What is a Cron Job in Linux

Cron is a daemon that executes the tasks in the system background. The tasks scheduled for later execution are known as “Cron Jobs“. Cron Jobs are considered ideal for recurring tasks such as creating system backup regularly. Linux users can automate their usual tasks hourly, daily, weekly, monthly, or yearly by using Cron Jobs. To keep track of the Cron Jobs, “Crontab files” are used, which can be user-specific or have system-wide Cron Jobs.

This write-up will guide you about Cron Jobs and its types. Moreover, we will also show you some Cron Jobs examples and the procedure to list and remove Cron Jobs from the crontab file. So, let’s start!

What is a Cron Job in Linux

Cron daemon functionality in Linux is similar to what Services do in Windows, and both are used to schedule tasks that will execute at a specific time in the system background. Cron Jobs are mainly used to regularly clean up your system cache or create a backup of the log files and databases. Whereas, the crontab file comprises all of the system Cron Jobs, and it also has a specific syntax for writing the commands.

Syntax of crontab command in Linux

The syntax to follow while writing a crontab command is given below:

* * * * * [Command or Script]


  • The first asterisk * represents “Minute
  • The second asterisk * represents “Hour
  • The third asterisk * represents “Day of Month
  • The fourth asterisk * represents “Month
  • The fifth and the last asterisk * represents “Day of Week

Now, check out the values of the fields mentioned above:

Cron Job commands in Linux

Here are some of Cron Jobs command which you can utilize in your Linux terminal:

crontab -aThe “crontab -a” command is utilized for creating a user specific crontab file. You have to specify the “filename” in this command after adding the “-a” option.
crontab -rThe “crontab -r” command is utilized for deleting the crontab file.
crontab -eThe “crontab -e” command is utilized for editing the already created crontab file.
crontab -vThe “crontab -v” command is utilized to show the crontab file’s modification time.
crontab -lThe “crontab -l” command is utilized to view the crontab file’s content.

How to check Cron service in Linux

Before starting the Crob job, ensure the “cron.service” is currently active on your Linux system. For this purpose, execute the below-given “systemctl” command:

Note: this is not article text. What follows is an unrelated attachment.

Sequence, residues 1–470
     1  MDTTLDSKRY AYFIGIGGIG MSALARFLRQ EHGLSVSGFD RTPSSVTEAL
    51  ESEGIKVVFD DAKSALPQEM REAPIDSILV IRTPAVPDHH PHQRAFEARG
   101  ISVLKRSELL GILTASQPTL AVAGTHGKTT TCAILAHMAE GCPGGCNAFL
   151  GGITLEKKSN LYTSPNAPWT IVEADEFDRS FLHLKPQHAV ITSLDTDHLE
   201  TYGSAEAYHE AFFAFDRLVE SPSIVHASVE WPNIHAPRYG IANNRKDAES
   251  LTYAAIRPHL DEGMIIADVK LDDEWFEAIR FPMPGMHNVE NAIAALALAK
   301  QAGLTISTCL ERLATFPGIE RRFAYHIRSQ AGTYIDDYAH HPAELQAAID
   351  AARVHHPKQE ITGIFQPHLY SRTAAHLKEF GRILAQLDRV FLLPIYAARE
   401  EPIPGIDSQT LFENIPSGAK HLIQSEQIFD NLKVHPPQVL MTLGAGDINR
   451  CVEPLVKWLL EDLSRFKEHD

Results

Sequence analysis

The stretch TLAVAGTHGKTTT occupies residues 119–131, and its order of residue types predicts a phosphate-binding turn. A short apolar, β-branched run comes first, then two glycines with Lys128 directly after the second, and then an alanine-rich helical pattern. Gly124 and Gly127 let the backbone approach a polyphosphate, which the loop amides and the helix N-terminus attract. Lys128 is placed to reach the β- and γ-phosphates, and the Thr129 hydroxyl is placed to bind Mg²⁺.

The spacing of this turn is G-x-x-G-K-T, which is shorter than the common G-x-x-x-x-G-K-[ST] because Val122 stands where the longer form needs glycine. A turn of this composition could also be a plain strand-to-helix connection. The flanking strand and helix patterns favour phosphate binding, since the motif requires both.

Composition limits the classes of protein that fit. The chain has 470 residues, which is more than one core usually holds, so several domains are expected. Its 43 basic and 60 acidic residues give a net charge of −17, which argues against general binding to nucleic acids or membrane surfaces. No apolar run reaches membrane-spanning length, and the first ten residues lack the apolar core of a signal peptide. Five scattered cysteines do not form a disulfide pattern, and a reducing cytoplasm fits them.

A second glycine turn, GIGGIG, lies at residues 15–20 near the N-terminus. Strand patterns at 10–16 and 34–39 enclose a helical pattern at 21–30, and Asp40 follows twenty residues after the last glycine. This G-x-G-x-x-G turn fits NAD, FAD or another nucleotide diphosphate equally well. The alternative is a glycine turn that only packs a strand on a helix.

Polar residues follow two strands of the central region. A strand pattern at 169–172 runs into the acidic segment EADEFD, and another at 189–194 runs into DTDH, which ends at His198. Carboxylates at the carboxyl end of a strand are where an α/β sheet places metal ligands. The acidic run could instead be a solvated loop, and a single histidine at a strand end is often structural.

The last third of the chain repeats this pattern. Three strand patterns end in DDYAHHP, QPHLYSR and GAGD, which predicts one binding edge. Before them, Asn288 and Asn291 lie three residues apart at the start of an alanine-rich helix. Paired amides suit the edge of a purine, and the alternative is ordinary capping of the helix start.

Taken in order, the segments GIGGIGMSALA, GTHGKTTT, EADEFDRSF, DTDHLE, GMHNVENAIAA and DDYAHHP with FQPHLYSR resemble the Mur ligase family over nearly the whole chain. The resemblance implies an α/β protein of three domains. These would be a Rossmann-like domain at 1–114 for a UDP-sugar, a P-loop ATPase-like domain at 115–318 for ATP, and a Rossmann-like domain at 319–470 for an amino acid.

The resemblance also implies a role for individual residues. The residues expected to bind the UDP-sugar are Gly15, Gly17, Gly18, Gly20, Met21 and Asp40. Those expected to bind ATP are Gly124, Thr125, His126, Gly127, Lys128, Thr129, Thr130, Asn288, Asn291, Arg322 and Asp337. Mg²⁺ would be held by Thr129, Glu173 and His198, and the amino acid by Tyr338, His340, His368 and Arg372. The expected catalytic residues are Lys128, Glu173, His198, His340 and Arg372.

$ sudo systemctl status cron.service

The below-given output declares that cron.service is “active” and running on our system:

In case, if the “cron.service” is inactive on your Linux system, then execute the following command to start it:

$ sudo systemctl start cron.service

Types of the Cron Jobs in Linux

Cron Jobs primarily consist of two types: System-wide Cron Jobs and User-specific Cron Jobs. In the following section, we will explain the difference between both types and their related Cron Job files.

What are System-wide Cron Jobs in Linux

Cron Jobs are only accessed by the system administrator and are known as System-wide Cron Jobs. These Cron Jobs can be found in the “/etc/cron.d” directory and “/etc/crontab” file. These crontab files are executed through “/etc/cron.daily”, “/etc/hourly”, “/etc/cron.monthly”, and “/etc/cron.weekly”. 

If you are a system administrator, then you can edit the “/etc/crontab” file in your nano editor for defining Cron Jobs:

$ sudo nano /etc/crontab

What are User-specific Cron Jobs in Linux

The User-specific Cron Jobs are the types of Cron Jobs defined for a particular user. These types of Cron Jobs exist in the “/var/spool/cron/crontabs/” directory. You can manually edit the specified Cron Job files; however, it is recommended to use the “crontab -e” command to perform the edit operation:

$ crontab -e

The execution of the “crontab” command with the “-e” option will show you three options for editing the Cron Job file. We have selected “1” as it is easy to edit files in the nano editor:

Your user-specified Crontab file will somehow look like this:

Cron Jobs examples in Linux

In this section, we will show you some of the Cron Job examples that can help you understand the formation of the Cron Jobs.

Note: All of the scripts which are used in the below-given examples are created manually.